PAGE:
• Christine Christine on Oct 10, 2016
    I would not plant these or any other plant that is poison

  • Carol Price Weller Carol Price Weller on Oct 10, 2016
    Oleander -California has them planted in freeway medians..

  • Deb7481974 Deb7481974 on Oct 10, 2016
    Definitely oleander and very poisonous even to children and adults will grow extremely large if left to on their own.

  • MazdaKen MazdaKen on Oct 10, 2016
    The plant is oleander. The wood and leaves are toxic if eaten, or the branches used to cook food or marshmallows. The plant is not poisonous to the touch unless you are allergic to it.

  • This is an oleander plant - considered dangerous for animals if the flower eaten. Expansive use in Australian gardens. Chris

  • Ssp7445603 Ssp7445603 on Oct 10, 2016
    Definitely, oleander, and very poisonous to animals.

  • Peggy Peggy on Oct 10, 2016
    Yes oleander. I have two in my front yard.

  • Sue Sue on Oct 10, 2016
    Yep, that's oleander - poisonous and it has highly invasive root systems. I would get rid of it before it gets any bigger.

  • Christine Christine on Oct 11, 2016
    Oleander plants contain several toxic elements, including cardiac glycosides, saponins, digitoxigenin, oleandrin, oleondroside, nerioside and other unknown toxins. These poisons are found in all parts of the oleander plant and are toxic whether the plant parts are dried or green. Ingestion of any part of the oleander plant can lead to serious illness and possibly death.

  • Christine Christine on Oct 11, 2016
    Oleander Google+PinterestShare Poisonous to: Cats, Dogs, Horses, Cows, Birds Level of toxicity: Generally moderate to severe Common signs to watch for: Drooling Nausea Vomiting Abnormal heart rate Cardiac arrhythmias Weakness Collapse Tremors Seizures Death Google+PinterestShare Print Friendly Oleander is an outdoor shrub, popular for its evergreen qualities and delicate flowers. Found commonly in warm locations (e.g., along highways in Hawaii, California, Texas, etc.), all parts of this plant are poisonous to multiple species (e.g., dogs, cats, humans, horses, cattle, etc.). Oleander contains naturally-occurring poisons that affect the heart, specifically cardenolides or bufadienolides. These poisons are called cardiac glycoside toxins, and they interfere directly with electrolyte balance within the heart muscle. The following plants are known to contain glycosides (please see specific plant for more information): Dogbane Giant milkweed Foxglove Kalanchoe Lily of the valley Milkweed Star of Bethlehem The toxins within these plants are similar to digitalis or digoxin, a common heart medication used in both human and veterinary medicine. The level of poisoning varies with the particular plant, part of the plant, and amount consumed. All parts of the plant are generally considered toxic – even the water in the vase has been reported to cause toxicosis. Clinical signs from ingestion include cardiovascular signs (e.g., abnormal heart rhythm and rate), electrolyte abnormalities (e.g., a life-threatening high potassium level), gastrointestinal signs (e.g., nausea, drooling, vomiting, etc.), or central nervous system signs (e.g., tremors, seizures). In severe cases, an expensive antidote, digoxin-specific Fab fragments, can be used for severe, life-threatening cases.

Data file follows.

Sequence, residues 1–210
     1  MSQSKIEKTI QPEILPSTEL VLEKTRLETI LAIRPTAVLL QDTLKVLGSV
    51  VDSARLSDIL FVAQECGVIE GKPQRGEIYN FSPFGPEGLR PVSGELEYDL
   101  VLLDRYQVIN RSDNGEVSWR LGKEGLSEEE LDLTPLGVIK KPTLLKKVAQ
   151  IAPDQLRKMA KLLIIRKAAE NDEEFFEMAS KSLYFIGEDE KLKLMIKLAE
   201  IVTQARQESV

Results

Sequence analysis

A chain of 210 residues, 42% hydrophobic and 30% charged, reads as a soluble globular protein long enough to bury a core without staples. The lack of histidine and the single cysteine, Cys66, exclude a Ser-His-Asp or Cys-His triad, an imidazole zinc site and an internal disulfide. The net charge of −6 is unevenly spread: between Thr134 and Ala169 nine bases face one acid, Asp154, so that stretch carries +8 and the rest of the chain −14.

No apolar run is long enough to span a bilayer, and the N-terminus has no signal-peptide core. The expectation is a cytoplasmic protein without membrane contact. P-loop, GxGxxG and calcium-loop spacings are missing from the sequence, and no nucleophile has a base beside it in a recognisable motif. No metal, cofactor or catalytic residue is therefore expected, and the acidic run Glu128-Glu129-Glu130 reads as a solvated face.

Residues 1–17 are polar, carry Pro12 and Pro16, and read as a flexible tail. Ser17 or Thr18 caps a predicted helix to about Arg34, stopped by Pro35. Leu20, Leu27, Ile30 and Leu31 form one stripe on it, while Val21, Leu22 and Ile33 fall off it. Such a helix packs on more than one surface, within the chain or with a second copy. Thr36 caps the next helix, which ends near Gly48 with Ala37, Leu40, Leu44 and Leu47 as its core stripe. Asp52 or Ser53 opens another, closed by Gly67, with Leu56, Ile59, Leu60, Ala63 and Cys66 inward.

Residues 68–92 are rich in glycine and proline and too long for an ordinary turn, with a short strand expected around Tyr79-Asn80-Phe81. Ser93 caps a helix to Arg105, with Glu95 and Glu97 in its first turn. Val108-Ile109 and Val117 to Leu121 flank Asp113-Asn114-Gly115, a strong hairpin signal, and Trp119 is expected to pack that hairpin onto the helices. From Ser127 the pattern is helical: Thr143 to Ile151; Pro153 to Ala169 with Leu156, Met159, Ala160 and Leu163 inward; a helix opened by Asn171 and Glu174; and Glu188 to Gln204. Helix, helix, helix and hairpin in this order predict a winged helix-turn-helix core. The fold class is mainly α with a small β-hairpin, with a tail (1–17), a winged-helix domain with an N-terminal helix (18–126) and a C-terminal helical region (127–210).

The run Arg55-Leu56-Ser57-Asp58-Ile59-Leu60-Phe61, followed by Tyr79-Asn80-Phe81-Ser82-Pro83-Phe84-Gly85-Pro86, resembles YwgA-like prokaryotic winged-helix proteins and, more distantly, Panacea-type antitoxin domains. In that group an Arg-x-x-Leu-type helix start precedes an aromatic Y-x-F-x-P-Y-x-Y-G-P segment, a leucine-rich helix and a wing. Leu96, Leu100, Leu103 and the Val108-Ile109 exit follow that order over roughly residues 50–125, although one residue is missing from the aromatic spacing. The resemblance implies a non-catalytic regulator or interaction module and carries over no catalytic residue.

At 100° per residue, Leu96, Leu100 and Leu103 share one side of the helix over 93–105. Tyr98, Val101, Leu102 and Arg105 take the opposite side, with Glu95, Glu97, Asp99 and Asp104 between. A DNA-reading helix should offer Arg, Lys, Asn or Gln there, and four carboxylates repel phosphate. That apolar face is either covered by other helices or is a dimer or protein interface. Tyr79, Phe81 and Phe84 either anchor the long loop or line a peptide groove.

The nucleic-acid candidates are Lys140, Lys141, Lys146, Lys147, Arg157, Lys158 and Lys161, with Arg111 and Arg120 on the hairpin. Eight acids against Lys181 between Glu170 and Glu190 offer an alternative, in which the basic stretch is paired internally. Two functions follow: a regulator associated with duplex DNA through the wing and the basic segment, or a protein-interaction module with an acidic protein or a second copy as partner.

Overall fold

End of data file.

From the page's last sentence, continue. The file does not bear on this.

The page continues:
• Christine Christine on Oct 11, 2016
    here is a website to help with poison plants and animals. pet poison / list of pet toxins forpets, dogs and cats just a guide line you can check to see if a plant is poison to your pet and children 24/7 Animal Poison Control Center 855-764-7661 $49 USD per incident fee applies EMERGENCY INSTRUCTIONS POISON LIST quickly find a poison FOR OWNERS a guide to pet safety FOR VETS events and information HOME NEWS & BLOG ABOUT US CONTACT US Search Poisons Narrow your search by using the menus below. If your pet is experiencing an emergency, please contact us or your veterinarian immediately. Search for a poison: Search A | B | C | D | E | F | G | H | I | J | K | L | M | N | O | P | Q | R | S | T | U | V | W | X | Y |

  • Arnytracy Arnytracy on Oct 11, 2016
    I agree with others. It is Oleander. It will die if left out over the winter. If you take it in, do be careful of its poisonous leaves.